UCEF recently took out full page ads in Community, encouraging people to bolster the community’s bulk buying power by collaborating with certain vendors. Shamie suggested instituting hakarot hatov agreements, whereby those taking tuition assistance would agree to give back to the schools at a later part of their life, if they were capable.

Another idea Shamie thought was worth pursing is a real estate trust, which could be set up to bring in long term revenue.

“What we’re trying to do is change the culture of the community, to try to encourage people to give to the schools,” asserts Albert Laboz.  Mr. Laboz plays a lead role in the Project Education team, and stresses that most schools are operating in a fiscally responsible way.

Meanwhile, Sarina Roffé, the executive director of Project Education, who has been overseeing it since its inception, five years ago, presents a sobering point: “The cost of tuition for a family with four children is $100,000 a year, which is more than most people earn!”  It is therefore not surprising that one noted area yeshiva provides $12 million in assistance each year, according to Roffé.

In order to provide some relief, Project Education is encouraging the unification of area yeshiva applications to simplify the fees assistance process.  Roffé says that her organization also is working on procuring tax deductions for tuition costs.

Roffé notes that a combination of factors has contributed to the worsening of the tuition crisis of late. Roffé gives the example of the interplay between culture and values she saw exhibited in a recent study.  Project Education conducted the study with a marketing firm, which polled a thousand respondents from schools and synagogues. “While everyone believed that every Jewish child must have a Jewish education,” Roffé said, “We found a generational problem. The older generation believes that a Jewish education is a communal responsibility. The younger generation does not agree. They don’t believe the haves should have to pay for the have nots.”

Roffé cites two additional problems to be addressed.  One is the not uncommon occurrence where families take elaborate vacations, rather than scaling down and finding room in their budget for tzedekah. And finally, one painful area for the schools themselves, Roffé says, is the notion that it makes people more comfortable to donate if they knew there was more financial transparency.  Schools might address this by issuing annual reports, “and being more forthcoming with their finances,” Roffé stated.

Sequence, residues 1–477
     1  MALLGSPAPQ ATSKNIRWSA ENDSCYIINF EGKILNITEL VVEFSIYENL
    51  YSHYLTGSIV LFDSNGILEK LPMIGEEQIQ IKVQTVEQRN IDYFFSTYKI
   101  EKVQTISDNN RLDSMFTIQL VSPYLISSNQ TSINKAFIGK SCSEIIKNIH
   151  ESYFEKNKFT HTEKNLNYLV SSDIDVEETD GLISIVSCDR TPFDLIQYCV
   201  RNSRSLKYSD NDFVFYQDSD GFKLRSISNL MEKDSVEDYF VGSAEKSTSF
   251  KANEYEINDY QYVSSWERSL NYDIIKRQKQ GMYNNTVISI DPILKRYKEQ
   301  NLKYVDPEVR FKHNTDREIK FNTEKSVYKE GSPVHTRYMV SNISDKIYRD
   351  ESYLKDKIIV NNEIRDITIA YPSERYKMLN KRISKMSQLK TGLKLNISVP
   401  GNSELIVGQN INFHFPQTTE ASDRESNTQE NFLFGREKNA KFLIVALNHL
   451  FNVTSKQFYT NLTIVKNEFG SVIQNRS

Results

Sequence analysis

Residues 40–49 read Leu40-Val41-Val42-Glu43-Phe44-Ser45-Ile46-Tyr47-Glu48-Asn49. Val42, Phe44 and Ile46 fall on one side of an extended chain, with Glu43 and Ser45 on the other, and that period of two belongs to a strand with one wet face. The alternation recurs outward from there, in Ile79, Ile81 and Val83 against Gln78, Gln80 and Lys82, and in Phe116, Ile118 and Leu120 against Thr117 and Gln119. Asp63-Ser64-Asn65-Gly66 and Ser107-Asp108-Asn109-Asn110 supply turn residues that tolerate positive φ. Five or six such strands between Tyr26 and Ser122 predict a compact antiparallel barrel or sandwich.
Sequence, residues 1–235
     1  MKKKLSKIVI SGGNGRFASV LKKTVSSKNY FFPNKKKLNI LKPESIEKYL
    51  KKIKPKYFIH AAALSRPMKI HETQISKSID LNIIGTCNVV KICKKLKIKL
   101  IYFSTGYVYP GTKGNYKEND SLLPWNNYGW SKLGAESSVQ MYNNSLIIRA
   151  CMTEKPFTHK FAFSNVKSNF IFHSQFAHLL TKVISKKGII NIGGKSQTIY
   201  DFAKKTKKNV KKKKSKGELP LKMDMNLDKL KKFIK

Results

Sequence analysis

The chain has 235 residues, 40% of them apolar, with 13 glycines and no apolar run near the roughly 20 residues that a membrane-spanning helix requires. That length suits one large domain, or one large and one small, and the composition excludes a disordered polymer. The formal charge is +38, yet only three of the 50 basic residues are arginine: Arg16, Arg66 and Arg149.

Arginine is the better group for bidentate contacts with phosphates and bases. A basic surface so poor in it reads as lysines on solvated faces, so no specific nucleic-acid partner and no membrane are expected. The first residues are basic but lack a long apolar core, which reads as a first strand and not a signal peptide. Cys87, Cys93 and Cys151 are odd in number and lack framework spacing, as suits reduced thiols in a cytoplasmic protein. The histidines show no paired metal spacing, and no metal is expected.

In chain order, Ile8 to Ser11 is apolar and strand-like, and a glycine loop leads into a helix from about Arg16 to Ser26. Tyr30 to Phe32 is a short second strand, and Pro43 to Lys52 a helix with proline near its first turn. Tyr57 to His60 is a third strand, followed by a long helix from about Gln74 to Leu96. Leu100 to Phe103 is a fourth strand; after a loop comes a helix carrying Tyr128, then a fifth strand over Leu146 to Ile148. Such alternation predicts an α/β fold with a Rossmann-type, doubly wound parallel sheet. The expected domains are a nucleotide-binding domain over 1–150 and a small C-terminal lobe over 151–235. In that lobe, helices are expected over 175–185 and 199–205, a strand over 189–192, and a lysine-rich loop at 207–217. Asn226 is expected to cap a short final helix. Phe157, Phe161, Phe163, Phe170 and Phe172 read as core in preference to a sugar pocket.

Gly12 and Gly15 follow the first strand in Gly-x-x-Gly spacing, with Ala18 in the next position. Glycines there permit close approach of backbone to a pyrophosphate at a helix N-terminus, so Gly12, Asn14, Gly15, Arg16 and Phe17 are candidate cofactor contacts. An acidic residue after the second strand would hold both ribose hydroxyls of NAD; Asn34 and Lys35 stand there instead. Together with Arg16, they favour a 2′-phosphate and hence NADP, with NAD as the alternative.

Closing Thoughts

We conclude with the following thoughts from Joe Shamie. “Our community’s values are at risk. Everyone needs to step up the plate. Everyone seems to think they can sit on the sidelines, and it’s not for them to solve the problem. But everyone can solve the problem, whether it’s a billionaire or the guy who’s making a fair income.  Everyone needs to say, ‘What can we do?’ rather than, ‘What can we get away with doing?’ The community will suffer if we don’t act. It comes down to responsibility and doing the right thing.”

The Rational Reasons Behind Fair Funding

Below are a few of the popular misconceptions, misunderstandings and objections that have been heard on the topic of fair funding.
 
Complaint:  If all 400,000 non-public school students in New York State received $5,000 from the government each year, where’s that $2,000,000,000 going to come from? What will be cut to fund this?
Answer: The money would have to be there if all of the kids going to independent schools decided to attend public school. New York is huge absorber of immigrants, and we never tell them that there’s not enough money to pay for their education.
Conclusion: The fair funding proposal means that the tax money the government gets that would have been spent on education, gets spent on education.

Complaint: Won’t the removal of two billion dollars affect the economy and government spending?
Answer: The government is simply moving money around to fund the independent schools, and the economy in some sectors will actually improve because families will have extra spending money. Milton Friedman, the Nobel Prize-winning economist, might tell you that the same $2,000,000,000 will be re-injected into the economy in other expenditures. Maybe that’ll be college tuition, instead of another day school tuition loan. Or maybe that’ll be money used to start a new business.
Conclusion: The economy will be as stimulated as it was before, only with different – and prioritized - spending.

Complaint: No religious schools should be funded, because it’s not the state’s business.
Answer: Fair funding should not violate the wall of church/state separation. I think that clause essentially prevents the state from imposing its agenda on religious institutions.
Conclusion: The state should sponsor the secular education of every child. Just because a child learns in the “wrong” building doesn’t mean he or she should be robbed of fair funding.